rffiffiffiffiffiffiffiffiffiffiffiffiffiffiffiffiffiffiffiffi 1 Xn d i¼1 i n


where n is the total number of atoms that construct the protein structure, and d is the distance between the equivalent atoms of the initial reference structure. The twist angle is an average dihedral angle between all upper and lower beta-sheets that face each other. Given that the stacking component of the Ab amyloid protofibril has a beta-turn-beta strand structural form, we selected for the specific beta strand a twist angle that ranged from the 18th valine residue (V18) to the 26th serine residue (S26). To calculate the twisting angle, which is known as the dihedral angle, we extracted the Ca atom locations of V18 and V26. We then measured the dihedral angle based on Equation (2): Ÿi ¼

Xm¼17 i¼1


li ¡ liþ1 jli jjliþ1 j


where length l is the distance between the V18 and S26 residues. In addition, li and li + 1 are the inter-beta-strand lengths between the ith and the i + 1th layer, and m is the total number of betasheet layers of amyloid protofibrils, respectively. To evaluate the structural stability over the 50 ns equilibration timescale, we measured the OP after obtaining the dihedral angles. The OP is a measure of the amount of dispersion from the average twist angle. The OP is defined by Equation (3): OP ¼ STDðcos Ÿi Þ


where fi is the ith twist angle. The H bond has been known to constitute the stability component for the amyloid protofibrils. Correspondingly, the stability characteristics and properties of different amyloid protofibrils can be elucidated by counting the number of H bonds. To obtain the H-bond data, we extracted data from a number of H bonds every 10 ps using the g hbonds plugin of GROMACS program version 4.6.5. The raw data was then smoothed through the weighted-movingaverage estimation every 100 data sets. Intramolecular interaction energies in amyloid protofibrils were analyzed based on MM-PBSA free-energy calculations using the g mmpbsa plugin of GROMACS.[62] The vacuum potential energy (EMM) was calculated by using the molecular mechanics (MM) forcefield parameter, and the polar solvation energy (Gpolar) was calculated by using the Poisson–Boltzmann (PB) equation. The protein structure of the Ab amyloid protofibrils was divided in half. Each section used nine beta-sheet layers when the EMM and Gpolar values were calculated. The nonelectrostatic solvation free-energy (Gnonpolar) was calculated by using the solvent-accessible surface area (SASA). The Gnonpolar was defined by Equation (4): Gnonpolar ¼ g   SASA þ b

ChemPhysChem 2015, 16, 2403 – 2414


where g is a solvent surface tension constant and b is the fitting parameter. By using a value of 0.14 nm for the water probe parameter, values for g = 0.54 kcal mol·nm2 and b = 0.92 kcal mol are obtained. During the calculation of the geometric characteristic parameters, such as RMSD, twist angle, OP, intrasheet distance, number of H bonds, and MM/PBSA, data were extracted every 10 ps. The average and standard deviation values of the energy data were calculated and ranged from 40 to 50 ns.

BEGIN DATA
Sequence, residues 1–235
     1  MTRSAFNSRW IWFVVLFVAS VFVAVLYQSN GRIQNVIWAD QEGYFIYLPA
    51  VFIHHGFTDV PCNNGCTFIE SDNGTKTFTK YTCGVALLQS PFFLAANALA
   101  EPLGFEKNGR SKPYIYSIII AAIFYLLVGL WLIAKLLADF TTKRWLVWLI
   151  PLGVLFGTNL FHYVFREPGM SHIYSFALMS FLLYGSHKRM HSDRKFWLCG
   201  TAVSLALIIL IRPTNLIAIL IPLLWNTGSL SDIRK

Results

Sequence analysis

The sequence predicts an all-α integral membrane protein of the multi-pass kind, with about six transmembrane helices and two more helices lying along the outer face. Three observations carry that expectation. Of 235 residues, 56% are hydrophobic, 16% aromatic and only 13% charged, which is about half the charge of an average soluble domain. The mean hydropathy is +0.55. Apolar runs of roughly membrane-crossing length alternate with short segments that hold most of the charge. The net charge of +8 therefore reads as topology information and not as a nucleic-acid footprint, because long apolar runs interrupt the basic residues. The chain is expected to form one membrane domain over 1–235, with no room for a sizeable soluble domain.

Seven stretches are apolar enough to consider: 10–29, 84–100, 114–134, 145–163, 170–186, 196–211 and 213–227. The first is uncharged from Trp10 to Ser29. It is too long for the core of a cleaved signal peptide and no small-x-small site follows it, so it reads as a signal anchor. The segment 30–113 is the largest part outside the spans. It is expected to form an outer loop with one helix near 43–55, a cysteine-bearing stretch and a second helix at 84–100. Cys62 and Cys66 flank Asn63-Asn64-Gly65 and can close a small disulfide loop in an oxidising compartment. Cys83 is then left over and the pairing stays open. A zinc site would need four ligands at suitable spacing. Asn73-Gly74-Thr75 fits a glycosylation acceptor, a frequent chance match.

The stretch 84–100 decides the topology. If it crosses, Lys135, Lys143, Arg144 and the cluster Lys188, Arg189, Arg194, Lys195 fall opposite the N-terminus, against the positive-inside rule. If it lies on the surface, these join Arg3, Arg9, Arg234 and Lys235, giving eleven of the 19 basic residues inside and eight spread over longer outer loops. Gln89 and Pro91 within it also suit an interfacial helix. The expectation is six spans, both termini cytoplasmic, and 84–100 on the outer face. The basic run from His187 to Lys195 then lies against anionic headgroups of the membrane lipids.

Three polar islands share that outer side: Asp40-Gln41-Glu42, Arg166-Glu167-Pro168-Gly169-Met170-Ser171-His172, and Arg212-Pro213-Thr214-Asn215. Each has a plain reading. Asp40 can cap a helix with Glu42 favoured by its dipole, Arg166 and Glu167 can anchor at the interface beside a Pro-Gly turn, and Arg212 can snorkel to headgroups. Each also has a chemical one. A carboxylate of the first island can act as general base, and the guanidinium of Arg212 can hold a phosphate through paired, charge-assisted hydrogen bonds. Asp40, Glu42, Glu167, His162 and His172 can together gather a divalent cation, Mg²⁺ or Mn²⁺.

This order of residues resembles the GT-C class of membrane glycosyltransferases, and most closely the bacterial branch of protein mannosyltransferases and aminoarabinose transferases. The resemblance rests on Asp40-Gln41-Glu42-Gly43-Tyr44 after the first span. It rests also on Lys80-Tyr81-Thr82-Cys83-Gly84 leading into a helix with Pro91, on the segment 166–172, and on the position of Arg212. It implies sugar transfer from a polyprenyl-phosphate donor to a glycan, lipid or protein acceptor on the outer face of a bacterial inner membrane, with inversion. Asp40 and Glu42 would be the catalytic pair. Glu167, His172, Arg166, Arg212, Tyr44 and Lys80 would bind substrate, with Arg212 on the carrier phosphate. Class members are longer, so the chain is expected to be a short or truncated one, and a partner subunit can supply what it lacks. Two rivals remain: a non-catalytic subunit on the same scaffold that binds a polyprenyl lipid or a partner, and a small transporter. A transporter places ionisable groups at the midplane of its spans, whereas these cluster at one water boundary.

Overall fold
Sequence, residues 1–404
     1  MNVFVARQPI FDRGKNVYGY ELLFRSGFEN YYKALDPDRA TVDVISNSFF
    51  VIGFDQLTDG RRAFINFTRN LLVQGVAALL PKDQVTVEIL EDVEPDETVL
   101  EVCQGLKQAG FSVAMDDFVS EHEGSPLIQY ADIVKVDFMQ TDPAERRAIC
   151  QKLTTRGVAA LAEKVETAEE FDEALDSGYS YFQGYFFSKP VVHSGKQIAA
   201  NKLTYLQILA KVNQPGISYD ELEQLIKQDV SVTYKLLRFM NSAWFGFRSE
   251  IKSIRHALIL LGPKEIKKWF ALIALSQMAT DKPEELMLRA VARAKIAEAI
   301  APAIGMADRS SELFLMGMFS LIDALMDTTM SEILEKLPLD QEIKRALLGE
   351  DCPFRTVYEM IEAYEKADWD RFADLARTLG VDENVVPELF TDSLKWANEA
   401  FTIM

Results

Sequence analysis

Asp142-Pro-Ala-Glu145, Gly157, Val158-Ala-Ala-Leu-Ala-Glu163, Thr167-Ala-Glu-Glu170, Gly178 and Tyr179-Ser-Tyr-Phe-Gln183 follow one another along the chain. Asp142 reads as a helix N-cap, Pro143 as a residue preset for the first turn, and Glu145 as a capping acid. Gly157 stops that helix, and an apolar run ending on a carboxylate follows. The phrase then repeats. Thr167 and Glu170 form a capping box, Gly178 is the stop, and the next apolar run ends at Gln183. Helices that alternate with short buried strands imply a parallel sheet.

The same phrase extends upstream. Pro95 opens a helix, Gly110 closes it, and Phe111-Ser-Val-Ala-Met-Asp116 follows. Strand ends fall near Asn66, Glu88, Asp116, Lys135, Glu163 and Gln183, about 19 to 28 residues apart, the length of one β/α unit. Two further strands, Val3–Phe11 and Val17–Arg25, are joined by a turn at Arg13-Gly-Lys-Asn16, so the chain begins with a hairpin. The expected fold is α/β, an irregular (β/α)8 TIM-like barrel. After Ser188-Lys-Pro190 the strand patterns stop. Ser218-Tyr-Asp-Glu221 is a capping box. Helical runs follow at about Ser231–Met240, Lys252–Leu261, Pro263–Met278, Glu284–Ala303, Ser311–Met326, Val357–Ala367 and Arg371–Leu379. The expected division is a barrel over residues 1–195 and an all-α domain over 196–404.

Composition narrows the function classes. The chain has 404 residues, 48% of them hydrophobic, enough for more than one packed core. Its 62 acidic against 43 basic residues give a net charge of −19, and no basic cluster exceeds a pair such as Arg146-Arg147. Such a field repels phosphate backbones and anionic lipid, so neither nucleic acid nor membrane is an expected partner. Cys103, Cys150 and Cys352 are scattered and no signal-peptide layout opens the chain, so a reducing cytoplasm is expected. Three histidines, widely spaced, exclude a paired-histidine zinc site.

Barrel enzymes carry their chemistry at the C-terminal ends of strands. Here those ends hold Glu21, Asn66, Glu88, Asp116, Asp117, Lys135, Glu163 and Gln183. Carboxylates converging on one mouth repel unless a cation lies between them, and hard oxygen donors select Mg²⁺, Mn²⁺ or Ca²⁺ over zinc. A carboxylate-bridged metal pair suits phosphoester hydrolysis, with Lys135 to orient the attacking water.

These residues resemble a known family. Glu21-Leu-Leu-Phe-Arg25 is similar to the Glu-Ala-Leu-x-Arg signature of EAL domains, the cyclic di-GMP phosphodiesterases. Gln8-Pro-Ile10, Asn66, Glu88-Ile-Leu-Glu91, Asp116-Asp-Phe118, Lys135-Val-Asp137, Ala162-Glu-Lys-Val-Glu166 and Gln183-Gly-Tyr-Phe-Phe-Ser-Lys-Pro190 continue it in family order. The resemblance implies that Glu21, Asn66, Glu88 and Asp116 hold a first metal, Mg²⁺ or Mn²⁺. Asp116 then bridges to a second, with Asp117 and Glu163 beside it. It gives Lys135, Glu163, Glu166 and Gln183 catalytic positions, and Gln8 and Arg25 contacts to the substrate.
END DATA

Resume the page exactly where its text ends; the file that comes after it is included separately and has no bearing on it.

Principal Component Analysis Vibrational properties from fluctuating amyloid fibril data can be extracted from the atomic coordinates of the equilibrated Ab structures. We thus performed principal component analysis (PCA) to measure the natural frequency of the fluctuating protein structure; this approach required the construction of a fluctuation matrix Q that is defined as a covariance matrix, given by Equation (5):[63] Q ¼< ðrðtÞ¢ < rðtÞ >Þ – ðrðtÞ¢ < rðtÞ >ÞT >


where r(t) is the coordinate of the backbone structure of the amyloid, comprised of Ca atoms. Ca atom coordinates of Ab amyloid protofibrils were extracted every 10 ps. The symbol – is the tensor product result of the covariance matrix. The angled brackets indicate an ensemble average over time. The number of structural configurations was set to be equal to 3N Õ 3N matrix forms that have full-rank nonzero eigenvalues (excluding the six rigid-body modes), where N is the total number of Ca atoms in a given structure. The fluctuation matrix Q can also be expressed in a summation form Equation (6): Q¼

X3N¢6 k¼1


xk nk – nk

where vk, and xk are the kth eigenvector and eigenvalue of the fluctuation matrix Q, respectively. Each eigenvalue represents the positional deviation; therefore, the eigenvalues were sorted in order of decreasing value to prioritize the large fluctuation mode (i.e. the highly collective mode). The stiffness matrix K of the amyloid fibril that can be obtained from the fluctuation matrix can be expressed by using the relationship between the eigenvectors and eigenvalues of the fluctuation matrix in the form of Equation (7): K ¼ kB T

X3N¢6 j¼1

x¢1 j nj – nj


where kB is the Boltzmann constant (1.38294 Õ 10¢23 kcal mol¢1) and T is the temperature (300 K).[64] To determine the natural frequency of the amyloid structures, the equation of motion of a fluctuating amyloid fibril is expressed in terms of the stiffness matrix K through the quasi-harmonic approximation given by Equation (8): Mì þ Ku ¼ 0


where M and u are the mass matrix and the displacement vector of the fibril, respectively. In addition, the dot notation above ì indicates the second partial derivative with respect to time t. Note that the quasi-harmonic approximation applied in Equation (8) yields accurate results only under a low-frequency range of motion.


Ó 2015 Wiley-VCH Verlag GmbH & Co. KGaA, Weinheim